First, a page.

Exploring the Myth of the Proper Writer: Jenny Diski, Montaigne and Coleridge
2013 (English)In: Trans: Revue de Littérature Générale et Comparée, ISSN 1778-3887, Vol. 15Article in journal (Refereed) Published
Framed by two quotations from Western literary tradition, this article examines the changeable dialogue of British writer Jenny Diski with two of her self-appointed literary forerunners: Samuel Taylor Coleridge and Michel de Montaigne. In On Trying to Keep Still (2006), a book of literary nonfiction, Diski sets out on a two-month journey to live in an isolated cottage in Quantock Hills, Somerset. Her aim is to enact the role of the solitary, self-reflective writer and to explore the spaces, imagery and supposed behaviour attached to it. In relating her experience, Diski responds to a key myth of the Romantic period, the idea of solitary inspiration in nature, prefigured already in the solitude of the Renaissance writer in his famous tower. The purpose of the article is to illustrate how this dialogue serves by way of integration into a cultural tradition, and to show how Diski’s response is portrayed in various ways, from affectionate appropriation over ironic reduction to dismissal and renegotiation.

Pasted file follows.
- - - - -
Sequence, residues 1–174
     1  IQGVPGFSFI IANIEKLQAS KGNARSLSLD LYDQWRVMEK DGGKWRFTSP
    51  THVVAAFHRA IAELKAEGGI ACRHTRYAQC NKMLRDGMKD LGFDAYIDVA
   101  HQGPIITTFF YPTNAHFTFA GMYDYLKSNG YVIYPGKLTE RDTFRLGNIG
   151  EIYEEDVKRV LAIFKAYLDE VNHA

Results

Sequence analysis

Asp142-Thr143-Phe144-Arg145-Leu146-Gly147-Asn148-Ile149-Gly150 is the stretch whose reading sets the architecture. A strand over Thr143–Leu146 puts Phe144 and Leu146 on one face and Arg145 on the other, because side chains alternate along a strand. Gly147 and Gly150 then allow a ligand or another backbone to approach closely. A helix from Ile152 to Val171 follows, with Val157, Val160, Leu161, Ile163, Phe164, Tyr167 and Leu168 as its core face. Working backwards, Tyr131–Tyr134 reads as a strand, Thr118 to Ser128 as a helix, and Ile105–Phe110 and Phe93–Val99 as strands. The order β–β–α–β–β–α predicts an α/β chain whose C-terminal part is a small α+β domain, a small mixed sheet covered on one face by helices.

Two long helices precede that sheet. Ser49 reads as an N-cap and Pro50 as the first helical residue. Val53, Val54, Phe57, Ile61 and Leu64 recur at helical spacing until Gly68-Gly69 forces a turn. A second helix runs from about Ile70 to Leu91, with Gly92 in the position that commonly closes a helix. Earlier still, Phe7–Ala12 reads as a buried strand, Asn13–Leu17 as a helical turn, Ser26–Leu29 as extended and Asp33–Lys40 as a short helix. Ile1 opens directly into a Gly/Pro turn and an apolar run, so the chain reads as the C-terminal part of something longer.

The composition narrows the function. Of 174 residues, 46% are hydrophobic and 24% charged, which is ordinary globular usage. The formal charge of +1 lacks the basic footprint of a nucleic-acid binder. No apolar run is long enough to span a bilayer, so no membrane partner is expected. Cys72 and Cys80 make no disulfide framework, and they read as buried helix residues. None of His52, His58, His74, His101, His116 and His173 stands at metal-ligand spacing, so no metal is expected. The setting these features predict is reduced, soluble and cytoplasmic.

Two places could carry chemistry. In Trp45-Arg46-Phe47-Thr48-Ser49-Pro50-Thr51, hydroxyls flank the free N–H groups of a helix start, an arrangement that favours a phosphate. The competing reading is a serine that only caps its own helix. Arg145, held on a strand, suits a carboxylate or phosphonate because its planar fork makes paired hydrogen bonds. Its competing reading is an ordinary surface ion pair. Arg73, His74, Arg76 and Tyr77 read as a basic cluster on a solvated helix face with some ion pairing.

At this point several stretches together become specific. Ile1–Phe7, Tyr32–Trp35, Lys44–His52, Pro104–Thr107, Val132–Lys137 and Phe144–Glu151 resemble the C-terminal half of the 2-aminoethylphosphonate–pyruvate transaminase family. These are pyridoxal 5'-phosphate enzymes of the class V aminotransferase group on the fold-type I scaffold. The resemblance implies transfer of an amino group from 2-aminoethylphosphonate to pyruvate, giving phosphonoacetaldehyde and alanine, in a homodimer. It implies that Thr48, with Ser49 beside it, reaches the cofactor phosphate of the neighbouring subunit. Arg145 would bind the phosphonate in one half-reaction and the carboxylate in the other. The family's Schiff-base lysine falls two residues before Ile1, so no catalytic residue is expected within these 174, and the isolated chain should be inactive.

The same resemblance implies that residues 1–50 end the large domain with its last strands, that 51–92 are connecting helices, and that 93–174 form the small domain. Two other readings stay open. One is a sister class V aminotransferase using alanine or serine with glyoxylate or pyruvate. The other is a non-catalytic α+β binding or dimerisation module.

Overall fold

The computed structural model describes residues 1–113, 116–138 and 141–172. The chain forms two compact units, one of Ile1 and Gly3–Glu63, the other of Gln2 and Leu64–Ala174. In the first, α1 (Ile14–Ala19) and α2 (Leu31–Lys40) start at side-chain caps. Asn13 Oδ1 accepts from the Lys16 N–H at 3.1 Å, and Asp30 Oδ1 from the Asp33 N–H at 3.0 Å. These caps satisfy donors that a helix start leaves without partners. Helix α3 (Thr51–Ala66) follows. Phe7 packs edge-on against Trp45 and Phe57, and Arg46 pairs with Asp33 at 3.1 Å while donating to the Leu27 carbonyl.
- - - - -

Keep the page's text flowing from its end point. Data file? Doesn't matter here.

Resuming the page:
Place, publisher, year, edition, pages
Paris: Presses Sorbonne Nouvelle, 2013. Vol. 15
Jenny Diski, Coleridge, Montaigne, solitude, writing
General Literature Studies
IdentifiersURN: urn:nbn:se:liu:diva-89266DOI: 10.4000/trans.751OAI: oai:DiVA.org:liu-89266DiVA: diva2:607566